SSC Study Material for Logic Reasoning: Two premise Arguments

In this article, basic concept and how questions are framed, is discussed and 25 questions are shared with the answer key on two premise arguments is also shared. So that, One can understand and practice well this topic.

Updated: Dec 2, 2016 17:34 IST

In this article, we have displayed a set of 25 questions based on the Two premise Arguments. This is made for the sake of sharpening your reasoning skills. As Students appearing in SSC CGL or CHSL face the difficulty in this chapter.

In two premise arguments, there are two statements and several conclusions are given, i.e. 2-5 in numbers and you have to find out which conclusion is satisfying/ meeting the meaning of statements. This type of logical reasoning is the simplest among all others.

In Logic, every categorical statement is termed as “Proposition”. The standard proposition is comprised of Quantifier, Subject, Copula and Predicate.

Proposition=Quantifier + Subject + Copula + Predicate


After identifying this, Statements are identified on the ground of Quantity, Quality and Distribution. After that conclusion is decided by using the following concepts.

  1. a.       Immediate Deductive Inference
  2. b.      Mediate Deductive Inference

Important Points to Remember: -

During deriving the logical conclusions, remember the following points.

  1. The converse of the conclusions derived.
  2. The Converse of each of the given premises.
  3. The conclusion that follows from the given premises directly in accordance with the rules of syllogism.

Question: - Two Premise Arguments

Directions (Questions 1 to 25): In each question, below are given two statements followed by two conclusions numbered I and II, You have to take the given two statements to be true even if they seem to be at variance from commonly known facts. Read the conclusion and then decide which of the given conclusions logically follows from the two given statements, disregarding commonly known facts.

Give answer

(a) if only conclusion I follows;

(b) if only conclusion II follows;

(c) if either conclusion I or II follows;

(d) if neither conclusion I nor II follows;

(e) if both conclusions I and II follow.

1. Statements: All men are dogs. All dogs are chats.

Conclusions: I. All men are cats.

II. All cats are men.


2. Statements: All film stars are playback singers. All film directors are film stars.

Conclusions: I. All film directors are playback singers.

II. Some film stars are film directors.


3. Statements: All pens are roads. All roads are houses.

Conclusions: I. All houses are pens.

II. Some houses are pens.


4. Statements: All huts are mansions. All mansions are temples.

Conclusions: I. Some temples are huts.

II. Some temples are mansions


5. Statements: All water is divine. All temples are divine.

Conclusions: I. All water is temple.

II. All temples are water.


6. Statements: All cars are cats. All fans are cats.

Conclusions: I. All cars are fans.

II. Some fans are cars.


7. Statements: All pens are chalks. All chairs are chalks.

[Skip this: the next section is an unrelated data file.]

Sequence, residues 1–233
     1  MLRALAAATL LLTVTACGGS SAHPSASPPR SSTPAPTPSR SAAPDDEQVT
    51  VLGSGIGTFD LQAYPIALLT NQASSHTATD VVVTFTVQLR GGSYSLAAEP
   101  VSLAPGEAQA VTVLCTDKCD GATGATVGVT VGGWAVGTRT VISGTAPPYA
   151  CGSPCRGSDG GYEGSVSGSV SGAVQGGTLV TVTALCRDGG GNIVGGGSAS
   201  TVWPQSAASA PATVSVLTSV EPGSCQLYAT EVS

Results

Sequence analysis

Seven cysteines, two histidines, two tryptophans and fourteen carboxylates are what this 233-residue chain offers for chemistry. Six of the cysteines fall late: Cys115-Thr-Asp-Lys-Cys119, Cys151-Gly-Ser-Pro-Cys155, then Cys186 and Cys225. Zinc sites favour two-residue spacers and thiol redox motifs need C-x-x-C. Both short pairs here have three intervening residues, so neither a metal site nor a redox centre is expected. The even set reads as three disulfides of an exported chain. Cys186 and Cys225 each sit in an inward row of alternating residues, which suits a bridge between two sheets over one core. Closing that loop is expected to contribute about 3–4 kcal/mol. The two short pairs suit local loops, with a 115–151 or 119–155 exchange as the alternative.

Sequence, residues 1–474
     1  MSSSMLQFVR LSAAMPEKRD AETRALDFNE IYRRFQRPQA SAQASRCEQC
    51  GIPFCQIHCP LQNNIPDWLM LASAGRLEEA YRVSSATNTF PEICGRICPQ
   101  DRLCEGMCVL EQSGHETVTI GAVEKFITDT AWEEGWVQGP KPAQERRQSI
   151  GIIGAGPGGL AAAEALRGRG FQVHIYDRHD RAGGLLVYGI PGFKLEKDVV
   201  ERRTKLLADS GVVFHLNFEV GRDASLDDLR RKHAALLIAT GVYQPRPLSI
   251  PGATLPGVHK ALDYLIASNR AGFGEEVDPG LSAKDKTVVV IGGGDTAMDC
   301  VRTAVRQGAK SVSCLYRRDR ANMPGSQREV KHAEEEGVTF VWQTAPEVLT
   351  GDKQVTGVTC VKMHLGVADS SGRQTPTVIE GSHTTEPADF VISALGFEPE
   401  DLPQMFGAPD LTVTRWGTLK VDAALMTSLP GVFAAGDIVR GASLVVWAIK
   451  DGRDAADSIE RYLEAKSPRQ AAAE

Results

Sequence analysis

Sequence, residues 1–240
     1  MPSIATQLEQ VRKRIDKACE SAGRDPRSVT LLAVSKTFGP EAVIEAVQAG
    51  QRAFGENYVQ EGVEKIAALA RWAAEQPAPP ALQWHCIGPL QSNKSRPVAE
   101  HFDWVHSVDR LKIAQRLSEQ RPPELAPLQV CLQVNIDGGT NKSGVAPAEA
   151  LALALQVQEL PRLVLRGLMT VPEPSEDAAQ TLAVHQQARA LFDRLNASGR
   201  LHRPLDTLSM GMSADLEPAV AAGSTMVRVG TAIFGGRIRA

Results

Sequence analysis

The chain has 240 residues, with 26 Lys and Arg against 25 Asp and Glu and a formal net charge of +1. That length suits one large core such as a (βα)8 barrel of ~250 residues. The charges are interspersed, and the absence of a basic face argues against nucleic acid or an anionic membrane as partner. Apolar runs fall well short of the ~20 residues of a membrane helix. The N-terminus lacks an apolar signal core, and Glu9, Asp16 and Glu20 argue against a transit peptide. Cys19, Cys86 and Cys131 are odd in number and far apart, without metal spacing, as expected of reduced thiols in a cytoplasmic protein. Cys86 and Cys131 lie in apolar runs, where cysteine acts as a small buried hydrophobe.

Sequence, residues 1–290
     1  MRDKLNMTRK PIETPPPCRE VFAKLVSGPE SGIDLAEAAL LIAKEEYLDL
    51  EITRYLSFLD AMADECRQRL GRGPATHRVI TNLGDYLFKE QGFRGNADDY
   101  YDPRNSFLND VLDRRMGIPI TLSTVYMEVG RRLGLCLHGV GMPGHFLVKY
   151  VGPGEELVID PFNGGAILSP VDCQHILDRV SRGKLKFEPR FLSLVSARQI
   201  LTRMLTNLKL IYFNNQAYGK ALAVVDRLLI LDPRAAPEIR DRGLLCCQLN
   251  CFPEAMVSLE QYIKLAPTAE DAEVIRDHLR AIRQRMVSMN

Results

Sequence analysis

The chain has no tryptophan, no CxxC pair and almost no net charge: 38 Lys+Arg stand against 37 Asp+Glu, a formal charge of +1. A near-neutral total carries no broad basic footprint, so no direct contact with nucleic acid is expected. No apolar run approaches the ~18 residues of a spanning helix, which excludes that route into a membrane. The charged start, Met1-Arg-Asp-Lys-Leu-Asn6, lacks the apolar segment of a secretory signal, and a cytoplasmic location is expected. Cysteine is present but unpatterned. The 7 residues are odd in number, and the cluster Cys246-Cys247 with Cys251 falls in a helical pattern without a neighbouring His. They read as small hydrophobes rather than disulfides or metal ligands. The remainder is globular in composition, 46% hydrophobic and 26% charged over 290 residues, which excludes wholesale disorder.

Conclusions: I. Some pens are chairs.

II. Some chalks are pens.


8. Statements: All good athletes win. All good athletes eat well.

Conclusions: I. All those who eat well are good athletes.

II. All those who win eat well.


9. Statements: Every minister is a student. Every student is inexperienced.

Conclusions: I. Every minister is inexperienced.

II. Some inexperienced are students.


10. Statements: All roads are waters. Some waters are boats.

Conclusions: I. Some boats are roads.

II. All waters are boats.


11. Statements: All jungles are tigers. Some tigers are horses.

Conclusions: I. Some horses are jungles.

II. No horse is jungle.


12. Statements: All birds are tall. Some tall are hens.

Conclusions: I. Some birds are hens.

II. Some hens are tall.


13. Statements: All artists are smokers. Some smokers are drunkards.

Conclusions: I. All smokers are artists.

II. Some drunkards are not smokers.


14. Statements: Some hens are cows. All cows are horses.

Conclusions: I. Some horses are hens.

II. Some hens are horses.


15. Statements: Some pastries are toffees. All toffees are chocolates.

Conclusions: I. Some chocolates are toffees.

II. Some toffees are not pastries.


16. Statements: Some kings are queens. All queens are beautiful.

Conclusions: I. All kings are beautiful.

II. All queens are kings.


17. Statements: All men are married. Some men are educated.

Conclusions: I. Some married are educated.

II. Some educated are married.

18. Statements: Some dedicated souls are angels. All social workers are angels.

Conclusions: I. Some dedicated souls are social workers.

II. Some social workers are dedicated souls.


19. Statements: All trucks fly. Some scooters fly.

Conclusions: I. All trucks are scooters.

II. Some scooters do not fly.


20. Statements: Some swords are sharp. All swards are rusty.

Conclusions: I. Some rusty things are sharp.

II. Some rusty things are not sharp.


21. Statements: Some adults are boys. Some boys are old.

Conclusions: I. Some adults are not old.

II. Some boys are not old.


22. Statements: Some books are tables. Some tables are mirrors.

Conclusions: I. Some mirrors are books.

II. No book is mirror.


23. Statements: Some dreams are nights. Some nights are days.

Conclusions: I. All days are either nights or dreams.

II. Some days are nights.


24. Statements: Some papers are pens. Some pencils are pens.

Conclusions: I. Some pens are pencils.

II. Some pens are papers.


25. Statements: Some doctors are fools. Some fools are rich.

Conclusions: I. Some doctors are rich.

II. Some rich are doctors.

Complete E-Paper containing above Solutions

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